Don’t suffer in silence. Here are some things you can do:
- Contact Moray Women’s Aid for practical support
- Report your abuser to the police
- Take legal action
Reporting your partner to the police
Call 999 to report your partner for a domestic abuse incident in an emergency. The police should make your case a priority. Otherwise, phone your local police station (101).
Police Scotland employ officers who are trained to deal with domestic abuse cases. If you phone in a non-emergency, ask to be put through to a domestic abuse officer.
When they visit you they will:
- Check to see if you’re injured or need medical treatment.
- Try to gather evidence. In Scotland this must be from two sources – usually your statement plus witness information from anyone who saw or heard the incident, such as a neighbour. If you do have any injuries, they may take photos.
- The police will interview you and your partner (if they’re at the scene) separately. The police might also want to speak to any older children who were there.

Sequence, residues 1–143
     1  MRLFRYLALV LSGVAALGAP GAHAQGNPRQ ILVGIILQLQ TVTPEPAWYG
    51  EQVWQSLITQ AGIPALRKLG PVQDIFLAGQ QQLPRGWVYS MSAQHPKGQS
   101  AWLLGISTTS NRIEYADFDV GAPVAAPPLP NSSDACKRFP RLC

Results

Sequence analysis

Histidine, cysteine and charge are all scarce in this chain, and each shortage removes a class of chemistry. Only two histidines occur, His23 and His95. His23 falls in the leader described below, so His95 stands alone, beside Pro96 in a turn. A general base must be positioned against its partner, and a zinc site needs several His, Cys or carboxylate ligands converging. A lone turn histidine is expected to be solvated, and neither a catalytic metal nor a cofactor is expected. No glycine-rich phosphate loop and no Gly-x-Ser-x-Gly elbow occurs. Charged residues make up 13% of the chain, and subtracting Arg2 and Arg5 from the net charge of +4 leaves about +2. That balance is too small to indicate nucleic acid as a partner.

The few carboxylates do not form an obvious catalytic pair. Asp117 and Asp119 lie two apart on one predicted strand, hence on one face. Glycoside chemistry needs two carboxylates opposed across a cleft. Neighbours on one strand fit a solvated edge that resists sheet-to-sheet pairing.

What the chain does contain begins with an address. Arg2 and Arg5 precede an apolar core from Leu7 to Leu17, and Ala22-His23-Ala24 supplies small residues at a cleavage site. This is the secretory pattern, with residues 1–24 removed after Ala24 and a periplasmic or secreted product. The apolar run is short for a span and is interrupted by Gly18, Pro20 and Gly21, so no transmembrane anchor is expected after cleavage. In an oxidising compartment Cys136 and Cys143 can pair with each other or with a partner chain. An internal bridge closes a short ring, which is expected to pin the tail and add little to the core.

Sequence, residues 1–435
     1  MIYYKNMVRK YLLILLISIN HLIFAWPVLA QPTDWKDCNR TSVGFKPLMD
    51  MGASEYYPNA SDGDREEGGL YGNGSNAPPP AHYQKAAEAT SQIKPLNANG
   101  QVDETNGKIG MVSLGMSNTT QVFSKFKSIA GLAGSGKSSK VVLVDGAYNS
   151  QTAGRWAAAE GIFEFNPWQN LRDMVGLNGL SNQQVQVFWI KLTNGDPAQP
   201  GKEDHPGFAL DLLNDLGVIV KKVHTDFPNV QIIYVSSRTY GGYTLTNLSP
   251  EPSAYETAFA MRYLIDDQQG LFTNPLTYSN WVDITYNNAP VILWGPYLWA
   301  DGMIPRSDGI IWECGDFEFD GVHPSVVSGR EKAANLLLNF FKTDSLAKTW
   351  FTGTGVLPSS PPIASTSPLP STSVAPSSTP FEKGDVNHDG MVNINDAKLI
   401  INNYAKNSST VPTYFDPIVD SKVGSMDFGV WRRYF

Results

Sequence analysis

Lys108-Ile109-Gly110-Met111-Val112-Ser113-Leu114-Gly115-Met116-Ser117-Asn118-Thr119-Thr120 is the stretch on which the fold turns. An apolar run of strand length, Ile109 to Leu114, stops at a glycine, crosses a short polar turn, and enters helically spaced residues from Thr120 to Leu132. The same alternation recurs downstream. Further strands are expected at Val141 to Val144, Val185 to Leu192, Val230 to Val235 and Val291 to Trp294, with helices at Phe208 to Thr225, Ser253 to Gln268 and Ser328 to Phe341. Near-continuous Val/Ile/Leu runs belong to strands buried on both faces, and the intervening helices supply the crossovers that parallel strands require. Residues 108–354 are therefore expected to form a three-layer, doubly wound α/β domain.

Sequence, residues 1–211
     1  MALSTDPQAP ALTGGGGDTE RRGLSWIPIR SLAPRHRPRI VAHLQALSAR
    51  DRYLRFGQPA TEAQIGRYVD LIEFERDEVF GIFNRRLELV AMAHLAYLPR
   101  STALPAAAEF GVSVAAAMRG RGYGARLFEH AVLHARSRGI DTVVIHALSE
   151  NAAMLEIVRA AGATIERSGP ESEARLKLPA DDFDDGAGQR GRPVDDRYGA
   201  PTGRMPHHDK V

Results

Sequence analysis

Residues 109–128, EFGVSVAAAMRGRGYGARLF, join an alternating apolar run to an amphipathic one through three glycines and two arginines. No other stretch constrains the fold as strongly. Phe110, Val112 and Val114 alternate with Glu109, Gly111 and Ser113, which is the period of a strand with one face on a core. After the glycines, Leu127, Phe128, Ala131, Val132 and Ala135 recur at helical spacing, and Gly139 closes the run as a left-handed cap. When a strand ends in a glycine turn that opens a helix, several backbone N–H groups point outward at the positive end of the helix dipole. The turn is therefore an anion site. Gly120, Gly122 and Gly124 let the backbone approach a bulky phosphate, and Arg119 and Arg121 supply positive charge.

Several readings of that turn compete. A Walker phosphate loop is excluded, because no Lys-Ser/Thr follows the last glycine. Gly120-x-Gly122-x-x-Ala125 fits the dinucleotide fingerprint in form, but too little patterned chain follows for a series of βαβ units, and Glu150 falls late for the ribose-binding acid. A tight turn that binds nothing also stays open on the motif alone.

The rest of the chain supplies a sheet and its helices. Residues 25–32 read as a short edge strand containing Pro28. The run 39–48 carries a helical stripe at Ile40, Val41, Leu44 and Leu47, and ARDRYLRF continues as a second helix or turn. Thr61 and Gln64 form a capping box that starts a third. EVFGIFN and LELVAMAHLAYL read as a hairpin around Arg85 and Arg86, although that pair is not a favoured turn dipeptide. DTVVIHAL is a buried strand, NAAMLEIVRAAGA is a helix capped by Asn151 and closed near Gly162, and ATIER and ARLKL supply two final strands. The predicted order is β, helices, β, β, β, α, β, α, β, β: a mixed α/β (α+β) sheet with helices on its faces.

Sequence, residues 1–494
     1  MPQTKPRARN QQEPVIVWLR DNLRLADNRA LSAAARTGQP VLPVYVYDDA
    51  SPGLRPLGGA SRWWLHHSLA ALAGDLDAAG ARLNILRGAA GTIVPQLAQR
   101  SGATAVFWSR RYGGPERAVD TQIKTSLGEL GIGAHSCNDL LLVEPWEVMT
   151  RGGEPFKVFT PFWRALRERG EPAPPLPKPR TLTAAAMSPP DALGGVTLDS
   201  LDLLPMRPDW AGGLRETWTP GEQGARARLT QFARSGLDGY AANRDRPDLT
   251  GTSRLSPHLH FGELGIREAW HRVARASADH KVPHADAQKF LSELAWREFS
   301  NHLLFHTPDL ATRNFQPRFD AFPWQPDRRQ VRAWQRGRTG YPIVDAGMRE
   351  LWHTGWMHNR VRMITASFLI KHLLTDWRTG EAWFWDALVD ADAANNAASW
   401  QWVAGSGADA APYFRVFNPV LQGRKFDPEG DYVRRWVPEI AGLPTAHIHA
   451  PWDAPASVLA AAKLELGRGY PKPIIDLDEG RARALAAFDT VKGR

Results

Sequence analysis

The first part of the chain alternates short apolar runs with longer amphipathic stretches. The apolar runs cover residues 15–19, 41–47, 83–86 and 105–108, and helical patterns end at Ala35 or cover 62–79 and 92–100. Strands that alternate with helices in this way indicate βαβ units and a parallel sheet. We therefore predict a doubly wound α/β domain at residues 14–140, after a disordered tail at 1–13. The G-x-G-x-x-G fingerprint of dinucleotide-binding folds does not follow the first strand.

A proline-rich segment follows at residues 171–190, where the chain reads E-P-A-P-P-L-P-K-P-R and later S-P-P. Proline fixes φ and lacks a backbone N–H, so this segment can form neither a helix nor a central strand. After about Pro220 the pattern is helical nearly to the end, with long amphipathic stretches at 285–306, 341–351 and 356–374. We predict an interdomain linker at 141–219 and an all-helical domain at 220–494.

- They will look for any other evidence of damage, such as broken door locks, punched walls or doors.
- They will also take a note of any children who are present or will be present in the future. They may refer the incident to the Children’s Reporter or your Health Visitor so that they can work with you to protect your children.
What happens to your partner?
If the police have enough evidence that your partner has assaulted you, they may arrest him and keep him in custody until he appears in court – usually the next working day.
Help and support
To get help, contact us. If a case goes to court you’ll be contacted by VIA (Victim Information and Advice) who will give you all the information you need about the court process.